Each chapter of this book has common features such as an introduction, basic concepts, and a summary. Both the basic and practical aspects of fish nutrition are included to give the students and allow the readers who are unfamiliar with the topics a clear understanding and knowledge of these concepts. Study questions at the end of each chapter serve as a guide to summarize and impress on the students the salient points of the subject matter in each chapter. To easily comprehend the subject matter, there is an appendix containing the analytical methods and a glossary of technical terms. The users particularly the students are encouraged to broaden their knowledge by referring to the list of references and suggested readings at the end of each chapter.
    • Book

      Seed production of milkfish Chanos chanos Forsskal 

      O Reyes, B Eullaran & EG Ayson - 2016 - Aquaculture Department, Southeast Asian Fisheries Development Center
      Series: Aquaculture extension manual; No. 63
      A 26-page manual describing the site selection, hatchery design, spawning, larval rearing, natural food production, and economic analysis for milkfish.
    • Book | Conference publication

      Sustainable aquaculture development for food security in Southeast Asia towards 2020. Proceedings of the Regional Technical Consultation on Sustainable Aquaculture Development in Southeast Asia Towards 2020 

      BO Acosta, RM Coloso, EGT de Jesus-Ayson & JD Toledo (Eds.) - 2011 - Aquaculture Department, Southeast Asian Fisheries Development Center
      This publication represents the proceedings of the Regional Technical Consultation (RTC) on Aquaculture held in Bangkok, Thailand last 17-19 March 2010. The RTC was convened by the Southeast Asian Fisheries Development Center Aquaculture Department (SEAFDEC/AQD) as part of the preparatory undertakings for the ASEAN-SEAFDEC Conference on Fisheries held in June 2011. The main objectives of the RTC were to follow-up the developments of aquaculture in Southeast Asia after the 2001 ASEAN-SEAFDEC Millennium Conference on Fisheries and to define the strategic actions for the region s sustainable aquaculture development in the next decade. These proceedings contain 10 country papers and a summary status of implementation of the Resolution and Plan of Actions on six themes (supply of good quality seeds, environment-friendly aquaculture, getting out of the fish meal trap, healthy and wholesome aquaculture, biotechnology and rural aquaculture) which are the outcomes of the 2001 ASEAN-SEAFDEC Millennium Conference on Fisheries. It also presents the thematic papers and a synopsis of discussions on issues and recommendations on four thematic areas: (i) meeting social and economic challenges in aquaculture; (ii) quality seed production for sustainable aquaculture; (iii) healthy and wholesome aquaculture; and (iv) protecting the environment and adapting to climate change. These recommendations are expected to provide baseline information and directions in formulating the Resolution and Plan of Action (aquaculture component) for food security in Southeast Asia towards 2020.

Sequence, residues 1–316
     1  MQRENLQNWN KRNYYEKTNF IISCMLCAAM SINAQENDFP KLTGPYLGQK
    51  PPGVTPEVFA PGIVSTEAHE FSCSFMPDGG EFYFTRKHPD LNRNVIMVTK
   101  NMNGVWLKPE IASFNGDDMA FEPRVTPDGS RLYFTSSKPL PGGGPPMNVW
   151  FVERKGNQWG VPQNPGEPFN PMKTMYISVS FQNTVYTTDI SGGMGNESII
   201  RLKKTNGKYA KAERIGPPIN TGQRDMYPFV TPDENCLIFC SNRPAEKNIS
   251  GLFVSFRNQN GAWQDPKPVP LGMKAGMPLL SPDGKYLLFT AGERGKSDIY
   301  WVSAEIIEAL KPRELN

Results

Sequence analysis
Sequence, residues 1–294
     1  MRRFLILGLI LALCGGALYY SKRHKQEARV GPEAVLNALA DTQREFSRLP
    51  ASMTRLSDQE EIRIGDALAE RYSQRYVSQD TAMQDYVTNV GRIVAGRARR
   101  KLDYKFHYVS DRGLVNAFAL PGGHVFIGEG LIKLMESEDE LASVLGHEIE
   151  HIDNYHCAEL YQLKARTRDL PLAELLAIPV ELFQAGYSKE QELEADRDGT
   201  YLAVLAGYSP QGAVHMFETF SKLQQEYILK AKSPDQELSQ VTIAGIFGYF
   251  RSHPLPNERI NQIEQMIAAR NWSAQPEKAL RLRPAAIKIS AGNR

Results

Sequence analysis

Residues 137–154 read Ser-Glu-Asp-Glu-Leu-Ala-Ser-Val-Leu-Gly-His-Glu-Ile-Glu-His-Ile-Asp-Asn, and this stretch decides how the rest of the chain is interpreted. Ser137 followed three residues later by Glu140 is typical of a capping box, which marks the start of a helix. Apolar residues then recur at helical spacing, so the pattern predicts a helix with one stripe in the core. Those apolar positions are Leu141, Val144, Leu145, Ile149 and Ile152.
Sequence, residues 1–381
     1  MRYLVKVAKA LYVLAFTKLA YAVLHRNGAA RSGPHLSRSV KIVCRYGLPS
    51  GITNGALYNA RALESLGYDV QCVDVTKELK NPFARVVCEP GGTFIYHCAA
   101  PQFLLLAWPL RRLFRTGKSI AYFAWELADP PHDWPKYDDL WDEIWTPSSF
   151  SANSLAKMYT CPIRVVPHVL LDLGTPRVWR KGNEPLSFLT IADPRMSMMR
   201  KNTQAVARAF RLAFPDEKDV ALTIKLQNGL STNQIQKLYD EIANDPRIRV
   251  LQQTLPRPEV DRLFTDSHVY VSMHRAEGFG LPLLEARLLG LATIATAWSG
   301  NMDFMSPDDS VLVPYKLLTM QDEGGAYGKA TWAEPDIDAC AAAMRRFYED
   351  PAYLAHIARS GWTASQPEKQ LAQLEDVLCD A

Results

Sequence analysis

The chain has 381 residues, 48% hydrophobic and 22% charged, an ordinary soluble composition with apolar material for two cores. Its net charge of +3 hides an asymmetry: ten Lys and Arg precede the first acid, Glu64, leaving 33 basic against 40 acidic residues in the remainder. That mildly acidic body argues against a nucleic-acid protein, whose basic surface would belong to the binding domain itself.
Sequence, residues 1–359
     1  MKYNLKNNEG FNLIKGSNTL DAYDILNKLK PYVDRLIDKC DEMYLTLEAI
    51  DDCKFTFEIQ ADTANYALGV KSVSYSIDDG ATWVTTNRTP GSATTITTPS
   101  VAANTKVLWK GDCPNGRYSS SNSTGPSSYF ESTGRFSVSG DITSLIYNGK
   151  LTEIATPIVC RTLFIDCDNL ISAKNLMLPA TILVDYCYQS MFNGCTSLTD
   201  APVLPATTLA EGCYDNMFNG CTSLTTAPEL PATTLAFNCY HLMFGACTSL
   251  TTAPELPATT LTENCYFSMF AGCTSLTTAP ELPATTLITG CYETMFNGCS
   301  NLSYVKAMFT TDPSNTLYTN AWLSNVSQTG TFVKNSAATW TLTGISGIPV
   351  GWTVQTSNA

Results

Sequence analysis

• Book

      Tilapia farming in cages and ponds 

      RV Eguia & MRR Romana-Eguia - 2004 - Aquaculture Department, Southeast Asian Fisheries Development Center
      Series: Aquaculture extension manual; No. 36
      This 40-page manual describes the farming practices for tilapia in cages, pens, ponds, and tanks. Also details selection of quality seedstock, maintenance of stock (feeding, water management), and harvesting. A list of institutions working on tilapia R&D is included.
    • Book

      Training handbook on rural aquaculture 

      Southeast Asian Fisheries Development Center, Aquaculture Department - 2009 - Aquaculture Department, Southeast Asian Fisheries Development Center
      This handbook covers four important factors in undertaking sustainable aquaculture livelihood namely: (1) aquatic resources and environment; (2) socioeconomic attributes of fishing communities; (3) appropriate and economically feasible aquaculture technologies; and, (4) policy issues and institutional arrangements related to a balanced fishery management and aquaculture livelihood. The long-term outcomes of these strategies shall be measured in terms of environmental sustainability, economic uplift of the community, and equitable distribution of benefits among different sectors of the community.